Are there any vet hospitals that offer education classes for the pet owner who is trying to care for a seizure-prone dog?

Question: 

We just had our 10 year old lab put down after an 11 hour battle with seizures at home. It is a long sad story but if we had only had more training on how to care for him in such an emergency, he might still be with us. Hospitals for people offer classes in advance of surgery to educate the surgery candidate and family on what to expect and long term care toward recovery. Can the same be available for our pets?

For 5 years we worked closely with our vet on controlling and preventing the seizures. Treatment was successful until he also developed a tumor on his liver. Since the tumor could burst at any time and a risky surgery would give him a few more months at most we decided to take him home to give him a few more days with us. Although the vet had previously told us not to stop the anti-seizure medications we thought it would be OK for the short time he had left. He did well for 10-days and we were thrilled. And then he started seizing at 11pm one night followed by many more through the night. We were frantic and so was he, it was awful. A mobile veterinarian came to the house and put him to sleep for us late the next morning.

If we had only had the training, knowledge to know that it was critical that he stay on the seizure medications, that without it, his brain was misfiring exponentially with every minute that went by. We felt so helpless. Pet owners need training on what to do to care for pets with serious medical conditions, appropriate emergency care locations and what medical records to always have on hand.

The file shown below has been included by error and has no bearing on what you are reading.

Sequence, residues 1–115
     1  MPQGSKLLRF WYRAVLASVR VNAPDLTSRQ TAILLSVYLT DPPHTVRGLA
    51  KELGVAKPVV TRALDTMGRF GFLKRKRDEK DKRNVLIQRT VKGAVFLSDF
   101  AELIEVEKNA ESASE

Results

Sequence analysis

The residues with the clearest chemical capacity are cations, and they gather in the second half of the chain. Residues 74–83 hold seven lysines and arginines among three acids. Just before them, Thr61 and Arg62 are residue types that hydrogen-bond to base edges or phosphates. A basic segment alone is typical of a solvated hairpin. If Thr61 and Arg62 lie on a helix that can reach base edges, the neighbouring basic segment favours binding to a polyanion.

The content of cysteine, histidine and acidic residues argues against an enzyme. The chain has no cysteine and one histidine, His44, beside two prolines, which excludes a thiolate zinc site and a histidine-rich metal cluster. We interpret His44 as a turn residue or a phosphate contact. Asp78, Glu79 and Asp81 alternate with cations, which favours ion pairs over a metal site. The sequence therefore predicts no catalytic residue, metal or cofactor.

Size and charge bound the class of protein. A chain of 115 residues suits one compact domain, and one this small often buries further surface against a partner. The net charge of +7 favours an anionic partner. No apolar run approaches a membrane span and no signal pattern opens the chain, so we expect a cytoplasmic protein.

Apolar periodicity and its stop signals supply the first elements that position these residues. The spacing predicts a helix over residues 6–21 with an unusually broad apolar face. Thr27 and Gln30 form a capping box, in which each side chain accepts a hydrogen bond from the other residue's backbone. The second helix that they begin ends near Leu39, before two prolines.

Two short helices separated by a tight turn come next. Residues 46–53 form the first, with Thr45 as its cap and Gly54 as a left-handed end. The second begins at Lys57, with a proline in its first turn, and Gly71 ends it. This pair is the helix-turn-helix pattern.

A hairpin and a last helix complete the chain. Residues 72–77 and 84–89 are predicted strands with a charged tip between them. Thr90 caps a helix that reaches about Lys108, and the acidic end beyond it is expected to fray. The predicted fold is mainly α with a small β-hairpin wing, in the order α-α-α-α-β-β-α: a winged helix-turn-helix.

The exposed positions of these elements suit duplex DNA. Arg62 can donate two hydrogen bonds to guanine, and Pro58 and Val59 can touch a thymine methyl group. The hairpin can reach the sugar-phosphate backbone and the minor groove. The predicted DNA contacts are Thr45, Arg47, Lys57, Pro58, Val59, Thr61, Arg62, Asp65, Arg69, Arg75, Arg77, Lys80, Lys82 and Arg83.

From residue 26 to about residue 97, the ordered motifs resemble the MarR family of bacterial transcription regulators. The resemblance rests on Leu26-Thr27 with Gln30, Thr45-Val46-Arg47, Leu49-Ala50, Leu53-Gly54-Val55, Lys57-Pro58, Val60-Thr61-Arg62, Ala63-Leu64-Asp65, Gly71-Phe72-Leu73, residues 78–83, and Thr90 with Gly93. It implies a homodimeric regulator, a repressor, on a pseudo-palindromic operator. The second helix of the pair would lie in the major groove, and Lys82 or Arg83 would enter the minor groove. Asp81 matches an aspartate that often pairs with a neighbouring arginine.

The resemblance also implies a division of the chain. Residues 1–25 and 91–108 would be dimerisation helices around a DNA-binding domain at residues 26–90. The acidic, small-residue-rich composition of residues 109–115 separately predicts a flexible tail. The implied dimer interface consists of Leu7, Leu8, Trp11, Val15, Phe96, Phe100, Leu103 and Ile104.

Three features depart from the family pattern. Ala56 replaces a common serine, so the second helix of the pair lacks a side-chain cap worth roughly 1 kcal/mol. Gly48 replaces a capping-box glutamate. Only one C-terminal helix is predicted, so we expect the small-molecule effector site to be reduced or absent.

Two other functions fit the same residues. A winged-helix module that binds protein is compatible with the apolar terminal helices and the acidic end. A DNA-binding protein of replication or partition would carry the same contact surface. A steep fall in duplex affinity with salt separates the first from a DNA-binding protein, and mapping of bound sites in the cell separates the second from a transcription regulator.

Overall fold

Answer: 

It is heartbreaking to read this account of what happened to you and your dog. In time, we hope that the memories of this terrible day can be replaced with memories of the 10 wonderful years you had with your beloved dog. Sometimes seminars are given at veterinary specialty practices to assist pet owners with various topics. These types of topics are also sometimes covered at a primary care veterinary practice. There is a new app (VitusVet) for pet owners, primary care and emergency/specialty veterinarians, which allows 24/7 access to a pet’s individual medical information.

If you have a pet with a serious medical condition in the future, consulting a veterinary specialist would be a good option to learn advanced home care and what to look for and do when there is an after-hours emergency. You may need to have a separate consult to have this type of discussion, but it would be well worth the time and expense. It is always a good idea to contact or go to an emergency practice whenever your pet has a significant medical problem. This would have been difficult with a large and actively-seizing dog. Many cities have 24/7 private ambulance services for pets that can transport animals to emergency or specialty facilities.

Thank you for asking this question – it may help someone in a similar situation, possibly preventing them from going through what you have been through and losing another beloved pet.